Hooray for Suck

Automatic Media, the company that owns Suck.com has run out of money and has put Suck on hold. This is very sad because Suck has been around for about as long as I’ve been on the internet, and in that time it’s been dearly admired and very inspirational to me.

There’s that saying that only 1000 people bought the first Velvet Underground record, but everyone of them started a band. I think Suck is a bit like that as far as web sites go. Or, at least that’s how it was for me.

The first version of my web site was pretty dull. It wasn’t quite your average run-of-the-mill personal web site, but it was pretty close. All I had to inspire me were the personal pages of a few geeks that I knew, and little else. Then I started paying more attention to what Suck was doing, and everything changed for me.

Suck was this web site where every day someone would write a few hundred words about something. Sometimes it would be too American for me to understand, but other times it was really good, often funny stuff. I had one of those lightbulb moments.

I didn’t have to write about the same old stuff that everyone else wrote about! I didn’t have to write one neat little page about my likes and dislike, or have my CV online. Instead I could write about whatever was pissing me off or making me happy at the time. That felt liberating.

And if Suck could write about things that only really meant something to a person raised in America, and it didn’t leave me feeling too alienated, I figured I could write about New Zealand-based topics without fear of alienating non-New Zealand visitors.

Suck also learned me a few things about design. I realised that I didn’t need a coloured background or nifty icons or animated gifs to make my page palatable. Just a narrow, easy to read column of text was all that was needed. If the written material isn’t good enough to hold the interest of a reader, than an animated gif isn’t going to help.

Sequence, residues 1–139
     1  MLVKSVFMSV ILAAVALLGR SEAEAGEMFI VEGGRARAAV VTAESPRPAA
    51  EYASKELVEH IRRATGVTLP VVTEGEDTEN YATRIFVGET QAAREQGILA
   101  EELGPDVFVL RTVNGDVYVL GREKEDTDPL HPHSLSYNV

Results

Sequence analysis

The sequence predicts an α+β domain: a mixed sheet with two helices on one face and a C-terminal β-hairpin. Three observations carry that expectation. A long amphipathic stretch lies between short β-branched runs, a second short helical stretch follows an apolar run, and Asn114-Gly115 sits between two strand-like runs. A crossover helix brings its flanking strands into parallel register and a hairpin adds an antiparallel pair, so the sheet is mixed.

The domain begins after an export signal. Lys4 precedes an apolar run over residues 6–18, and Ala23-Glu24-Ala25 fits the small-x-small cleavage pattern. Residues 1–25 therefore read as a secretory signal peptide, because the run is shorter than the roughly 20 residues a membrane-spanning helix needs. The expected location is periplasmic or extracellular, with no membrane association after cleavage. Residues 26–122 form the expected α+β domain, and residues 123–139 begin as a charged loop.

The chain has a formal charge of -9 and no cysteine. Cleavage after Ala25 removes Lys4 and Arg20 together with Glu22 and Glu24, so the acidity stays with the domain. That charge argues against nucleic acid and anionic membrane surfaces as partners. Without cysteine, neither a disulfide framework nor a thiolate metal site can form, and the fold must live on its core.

Suck became part of my weekly web surfing rounds. Wednesday was the best, ‘cos it was Filler day. If Suck disappears, it will be Polly Esther’s words and Terry Colon’s pictures that I will miss the most. Filler, most of the time, consisted of dead-on observations about people my age and the rad, sad and bad things they do. I never really liked the crack-smoking Canadian rabbit, though.

So unless a whole lot of money (or love) comes the way of Suck, it looks like it might cease to suck. I feel a bit guilty – I used to always drag the banner ad frame down so I couldn’t see the ad. But then, banner ads are dead (or are they?).

It’ll be pretty sad if Suck goes away forever. But six years of Sucking is pretty good, especially in internet years. But enough moping, it’s not quite time for boo-hoo-papa-smurf mode yet. Hooray for Suck, whatever its fate is.